The majority of skin reactions due to radiation therapy should go away a few weeks after treatment is finished. In some cases, though, darkened skin areas will remain. Tell your Radiation Oncologist if your skin cracks, blisters or becomes too moist. Your Radiation Oncology team will also watch closely for symptoms that could mean a change in treatment is needed.
What can be done about hair loss?
If you have hair in the area being treated, you may lose some or all of it during radiotherapy. With most patients, their hair grows back again after the treatments are finished, but the loss of hair — whether from scalp, face, or body — can be a difficult adjustment.
You may choose to cover your head.
You may want to cover your head with a hat, turban or scarf while you're in treatment. Some people prefer a wig or toupée. A hairpiece needed because of cancer treatment is a tax-deductible expense and may be covered by your health insurance. If you plan to buy a wig, it's a good idea to select it early in your therapy so that you have the option of matching the color and style of your own hair.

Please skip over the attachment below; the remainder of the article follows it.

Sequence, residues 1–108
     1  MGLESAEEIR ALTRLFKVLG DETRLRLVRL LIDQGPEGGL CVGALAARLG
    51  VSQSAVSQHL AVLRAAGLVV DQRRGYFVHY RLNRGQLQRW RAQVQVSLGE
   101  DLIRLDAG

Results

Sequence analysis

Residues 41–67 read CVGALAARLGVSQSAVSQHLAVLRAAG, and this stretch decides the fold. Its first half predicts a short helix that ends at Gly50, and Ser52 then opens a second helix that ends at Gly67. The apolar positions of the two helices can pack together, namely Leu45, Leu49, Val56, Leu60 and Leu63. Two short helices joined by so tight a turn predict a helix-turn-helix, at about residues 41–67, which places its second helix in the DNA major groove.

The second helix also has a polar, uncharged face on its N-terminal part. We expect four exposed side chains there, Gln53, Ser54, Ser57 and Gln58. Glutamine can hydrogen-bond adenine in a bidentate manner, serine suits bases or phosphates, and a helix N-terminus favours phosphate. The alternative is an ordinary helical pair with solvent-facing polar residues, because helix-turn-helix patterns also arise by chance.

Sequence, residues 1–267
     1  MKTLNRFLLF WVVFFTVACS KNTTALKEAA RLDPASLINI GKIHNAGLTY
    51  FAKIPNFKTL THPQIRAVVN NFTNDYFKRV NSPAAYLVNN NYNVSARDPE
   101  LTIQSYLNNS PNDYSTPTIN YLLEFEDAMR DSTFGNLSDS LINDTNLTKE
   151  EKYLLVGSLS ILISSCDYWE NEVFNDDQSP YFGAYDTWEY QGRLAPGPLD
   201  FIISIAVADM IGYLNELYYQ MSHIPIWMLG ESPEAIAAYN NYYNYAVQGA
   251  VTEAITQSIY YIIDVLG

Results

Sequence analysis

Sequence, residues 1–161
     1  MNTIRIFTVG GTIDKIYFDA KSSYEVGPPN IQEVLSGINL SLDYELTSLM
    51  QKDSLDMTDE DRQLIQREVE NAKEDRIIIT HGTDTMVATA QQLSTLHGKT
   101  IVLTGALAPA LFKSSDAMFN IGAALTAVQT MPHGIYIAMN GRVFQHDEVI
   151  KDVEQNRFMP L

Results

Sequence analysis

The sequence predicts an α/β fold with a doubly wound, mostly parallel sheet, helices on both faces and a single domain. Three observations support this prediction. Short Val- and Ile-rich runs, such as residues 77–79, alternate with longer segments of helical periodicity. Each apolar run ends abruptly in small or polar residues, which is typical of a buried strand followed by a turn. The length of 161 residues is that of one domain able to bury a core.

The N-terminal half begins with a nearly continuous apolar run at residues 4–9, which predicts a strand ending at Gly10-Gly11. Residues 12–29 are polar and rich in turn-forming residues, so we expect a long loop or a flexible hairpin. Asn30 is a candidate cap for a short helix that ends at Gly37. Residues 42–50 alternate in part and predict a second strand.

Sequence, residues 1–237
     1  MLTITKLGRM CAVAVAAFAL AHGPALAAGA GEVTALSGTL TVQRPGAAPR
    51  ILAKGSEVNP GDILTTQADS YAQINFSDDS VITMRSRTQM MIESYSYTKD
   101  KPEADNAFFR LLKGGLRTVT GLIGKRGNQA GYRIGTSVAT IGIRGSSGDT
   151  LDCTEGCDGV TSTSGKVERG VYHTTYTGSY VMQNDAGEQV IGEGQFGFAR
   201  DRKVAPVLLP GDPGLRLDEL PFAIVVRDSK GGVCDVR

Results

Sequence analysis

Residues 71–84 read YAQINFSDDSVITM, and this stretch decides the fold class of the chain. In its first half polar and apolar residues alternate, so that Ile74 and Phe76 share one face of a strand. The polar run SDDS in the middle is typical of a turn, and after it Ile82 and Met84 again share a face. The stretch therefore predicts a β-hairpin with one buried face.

Is loss of appetite a serious problem?
You may lose interest in food during your course of radiation therapy. Depending on the part of the body treated, changes to normal cells may result in nausea, stomach pain, taste and swallowing difficulties, or other problems. Some people just don't feel like eating because of stress related to their illness and treatment.
Keep your protein & calorie intake high.
Patients having external radiation therapy cannot afford weeks of poor nutrition. Even when your desire for food lags, it's important that you make every effort to keep your protein and calorie intake high. If you're not well-nourished, you may not have all the strength you need for healing and rebuilding new tissues.
Good nutrition helps your body withstand treatment.
Try to keep in mind that your diet is one area in which you can control what's happening to your body. You might feel, at times, that your illness and its treatment are out of your hands, but you may improve the course of your therapy by feeding yourself well. Doctors have found that patients who eat well can better withstand both their cancer and any side effects of treatment.